Tom Hiddleston Explains How He Disappeared Into The Role Of Hank Williams in 'I Saw The Light'

"If You Have Sufficient Belief, You Can Do Anything"

Photo by Sony Pictures Classics

When it was announced that Tom Hiddleston had been tapped to play Hank Williams in Marc Abraham's forthcoming biopic I Saw the Light, out March 25, certain members of the country legend’s family weren't having it, particularly Hank Williams III, who wrote on Facebook that he'd much prefer seeing Matthew McConaughey play his late grandfather. The Williams clan's frustration was justified, at first. Hiddleston, on first glance, is a posh, Eton-educated Brit, and a whole six years older than Williams was at the time of his death. But more importantly, Hiddleston isn’t a Southerner, so how could he possibly understand the sorrow and the pain that are so deeply embedded in Williams' most iconic songs? 

Well, as it turns out, you don't need to be from any one place to get what Williams was singing about. No one understands that better than Hiddleston, who completely lost himself in what may just be the performance of a lifetime. We caught up to Hiddleston at the Toronto International Film Festival, where the actor discussed why so many musicians fall victim to substance abuse, his time with Eddie Redmayne at Eton College, and how he managed to pull off the most difficult role of his career. 

When you accepted the role, did you know you had an uncanny ability to sing like Hank Williams, or was there doubt?
I didn’t know I could do it. But that’s probably why I chose to do it. I’ve accepted roles before, and somewhere at the bottom of being, I have enough conviction and madness to throw my heart and soul into it because the thing about acting is, if you have sufficient belief, you can do anything.

What excited you most about the chance to play such an icon?
The power and legacy of his music, and the authenticity of it. On any level, Hank’s authenticity as an artist is incredibly inspiring. There’s something entirely naked about singing. Writers have their anonymity to hide behind, actors have characters to hide behind, but if you’re singing, it’s pure, raw, and you have to bare your soul. The reason he became such a big star is because it came from the heart of him. He wrote about his life, and people really connected with that. Whether he was talking about his loneliness in “I’m So Lonesome I Could Cry” or the mischief of being shot in the dog house, which is what "Movin On Over" is about.

Do you identify with Hank’s belief that we all have a little darkness in us?
I do. I actually wrote that line in the film. It came out of a conversation Marc and I had about the power of the dark side in cinema, in music. I remember a conversation I had with Anthony Hopkins when we were making the first Thor film. He was telling me how people stop him on the street and ask him about just one man [Hannibal Lecter]. He’s played warriors, and princes, and kings, and poets, and you know and I know who that man is. We don’t even have to say his name. He said people want their lives to be full of happiness, friendship, laughter, and joy, but there is something very compelling about someone who can lean into the darkness.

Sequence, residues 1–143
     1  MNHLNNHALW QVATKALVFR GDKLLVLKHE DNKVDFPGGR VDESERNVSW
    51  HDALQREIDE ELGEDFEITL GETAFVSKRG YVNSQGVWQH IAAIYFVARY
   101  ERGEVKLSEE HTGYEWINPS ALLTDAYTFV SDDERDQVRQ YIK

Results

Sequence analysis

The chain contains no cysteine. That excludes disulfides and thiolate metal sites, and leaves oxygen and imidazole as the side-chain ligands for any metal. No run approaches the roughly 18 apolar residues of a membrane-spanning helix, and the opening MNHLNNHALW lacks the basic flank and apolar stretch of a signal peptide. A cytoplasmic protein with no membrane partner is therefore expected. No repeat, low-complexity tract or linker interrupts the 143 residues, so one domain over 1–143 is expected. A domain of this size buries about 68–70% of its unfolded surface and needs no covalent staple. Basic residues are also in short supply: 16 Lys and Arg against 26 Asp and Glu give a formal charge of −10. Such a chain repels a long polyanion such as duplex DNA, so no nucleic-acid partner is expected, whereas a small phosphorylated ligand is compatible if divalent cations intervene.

Why do you think so many artists fall victim to substance abuse?
Substance abuse is something I think you’re born with. I’m not addicted to anything but coffee, which I’m grateful for, but for artists, there’s something innately vulnerable about self-expression and feeling compelled to say ‘This is how I feel, and I hope you feel it too.’ It’s both courageous and vulnerable. The artists that you and I love, whether they’re musicians or actors, they’re really living at the sharp end of that. Marc and I talked all about what it is about certain individuals who don’t seem to have a safety net. They’re on the edge of the cliff looking down at the rocks, and they’re not frightened by the fall. And they get lionized, they become icons.

Does it make you sad to think about all the young artists that we’ve lost to addiction?
It does. I think about Amy Winehouse and Kurt Cobain. If they were still here, culture would be different. That’s what I found so sad in playing Hank. He couldn’t see that there were so many people who loved him. Maybe it’s retroactively imposing a modern psychological structure on him, but if only he could have somehow looked around and asked for help. Maybe somebody could’ve said "Hey Hank, take it easy. You’re going to be alright. Just slow down." His life had such velocity, he didn’t even have time to think or room to breathe. Before he knew it, he was caught in a cycle of substance abuse, alcoholism, and addiction to prescription drugs. But he was a genius.

You and Eddie Redmayne studied at Eton and were quite prolific stage actors. What is it about that school that breeds leading men?
I have no idea. I definitely knew him, but I honestly think it’s an accident, a coincidence. He was always a phenomenal actor. He was always an amazing performer.

Do you miss your time on stage?
There’s a line in I Saw the Light, that I really relate to. Hanks says, “I sure hate those auditions, Mr. Collins.” I’m not great at auditioning. I never was. I never understood why, but it’s like I hold something back. I try not to. It’s my body’s way of saying ‘You don’t get to try before you buy. You either take me home or you don’t.’ I understood Hank’s love of performing. It’s a film about performance, and that magic chemistry you can have on the stage, live with an audience—it’s a two-way street.